Staff Corner - Pastor Greg Spires
A well-known scene in the movie Shawshank Redemption shows a prisoner, Andy, as he rejoins his fellow prisoners after spending two weeks in solitary confinement. He had been sent to solitary because he played classical music over the prison’s public address system. He wanted to boost morale and bring cheer to the otherwise dreary prison.
In the cafeteria, Andy joined his friends at their customary table. They wanted to know why he felt that playing music was worth a two-week stretch in the hole. He said the music was an important reminder of the beauty in the world. He needed assurance that no prison could take away his sense of wonder because the prison couldn’t take his imagination.
Andy’s friend, Red, didn’t understand. “What are you talking about?” Red asked.
“Hope,” Andy answered.
“Let me tell you something, my friend,” Red answered. “Hope is a dangerous thing. Hope can drive a man insane. It’s got no use on the inside. You better get used to that idea.”
Decades in the same prison had stripped Red of any hope. Hope didn’t fit in the category of “pipe dreams” for Red. No, for Red, hope was a poison that could sap the strength needed to endure life's harsh realities in the big house.
Red was wrong about hope. He searched for the only comfort available in his despair: it is better to make do with the suffering you know than to wish for something better you can’t be sure of.
Unfortunately, this is how many people live even though they aren’t in prison. Nothing will ever change, they imagine. Life will always be the same. There isn’t any sense in looking forward because the disappointment will be too hard to bear. The difficulty and challenge of day in and day out suffering can grind out any hope that might remain. We can end up like Red, feeling like hope is too painful, so we try and make it through another day.
But life in Christ by the power of the Spirit is, by definition, a life of hope. Hope is our experience even when suffering is most profound. Faith that is rooted in the truth of the gospel understands that hope is a matter of faith in things that are certain yet not seen. Romans 8:24-25 says, “For in this hope we were saved. Now hope that is seen is not hope. For who hopes for what he sees? But if we hope for what we do not see, we wait for it with patience.”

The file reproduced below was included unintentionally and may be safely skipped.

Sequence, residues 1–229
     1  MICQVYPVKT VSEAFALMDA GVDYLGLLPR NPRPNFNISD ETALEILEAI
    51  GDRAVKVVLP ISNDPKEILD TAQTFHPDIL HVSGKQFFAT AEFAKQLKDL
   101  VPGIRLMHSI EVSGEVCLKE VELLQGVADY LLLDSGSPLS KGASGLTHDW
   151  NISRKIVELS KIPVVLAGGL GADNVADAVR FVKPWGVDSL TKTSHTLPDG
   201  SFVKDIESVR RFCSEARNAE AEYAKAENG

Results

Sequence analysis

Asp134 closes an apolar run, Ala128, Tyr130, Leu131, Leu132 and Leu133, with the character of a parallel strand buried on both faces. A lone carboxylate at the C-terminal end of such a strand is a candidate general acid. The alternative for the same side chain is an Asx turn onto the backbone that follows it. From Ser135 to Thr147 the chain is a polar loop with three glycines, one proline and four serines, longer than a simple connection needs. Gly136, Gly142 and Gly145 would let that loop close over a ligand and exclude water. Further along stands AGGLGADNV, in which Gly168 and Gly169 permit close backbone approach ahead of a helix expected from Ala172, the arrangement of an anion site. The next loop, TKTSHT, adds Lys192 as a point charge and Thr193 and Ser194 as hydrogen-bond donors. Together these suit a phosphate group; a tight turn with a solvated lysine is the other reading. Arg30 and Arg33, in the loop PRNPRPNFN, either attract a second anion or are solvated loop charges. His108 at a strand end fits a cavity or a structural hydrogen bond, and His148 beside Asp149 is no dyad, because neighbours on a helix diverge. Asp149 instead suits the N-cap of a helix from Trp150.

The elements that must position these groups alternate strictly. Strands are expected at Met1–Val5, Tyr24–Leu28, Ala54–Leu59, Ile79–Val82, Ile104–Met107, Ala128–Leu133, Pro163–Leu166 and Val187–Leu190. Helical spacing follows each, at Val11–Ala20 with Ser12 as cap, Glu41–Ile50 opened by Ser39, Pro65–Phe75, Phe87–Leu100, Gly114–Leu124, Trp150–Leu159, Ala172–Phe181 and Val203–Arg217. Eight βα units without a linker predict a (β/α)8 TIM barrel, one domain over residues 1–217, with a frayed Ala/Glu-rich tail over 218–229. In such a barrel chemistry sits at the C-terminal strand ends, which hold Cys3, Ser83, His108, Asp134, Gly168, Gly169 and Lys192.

We might assume, like Red, that suffering and difficulty are the enemies of hope. We think that hope belongs only to those who live well-appointed lives and have avoided the problems we have found. However, the Bible teaches us that the hope God gives will thrive in suffering. How is that possible?
First, hope is possible in suffering because every Christian has the power of the Holy Spirit. God will never leave us or forsake us. During those times when it seems dark, the Spirit is with us giving us the strength we need to make the Lord our hope.
Second, we find hope during times of trouble because those are the times that remind us most clearly that this world is not our home. During times of great comfort and ease, we tend to put our trust in the things of this world. However, when things go wrong, we are like a toddler who is suddenly scared: we look up to our Father with outstretched arms and cry, “Abba, Father!” We look to God as our hope during times of trouble because there is no other source of hope that lasts.
Is hope a dangerous thing? In the end, that depends on the object of our hope. If we place our hope in anything other than the Lord, it will always disappoint at some level. However, when God is our hope, He is the source of strength that allows us to endure until the day of our glory in Jesus.
I look forward to being with you this Sunday as we celebrate the work of God in Jesus Christ together! This Sunday, we will be seeking God through His Word in Romans 8:18-30.
Praying with you,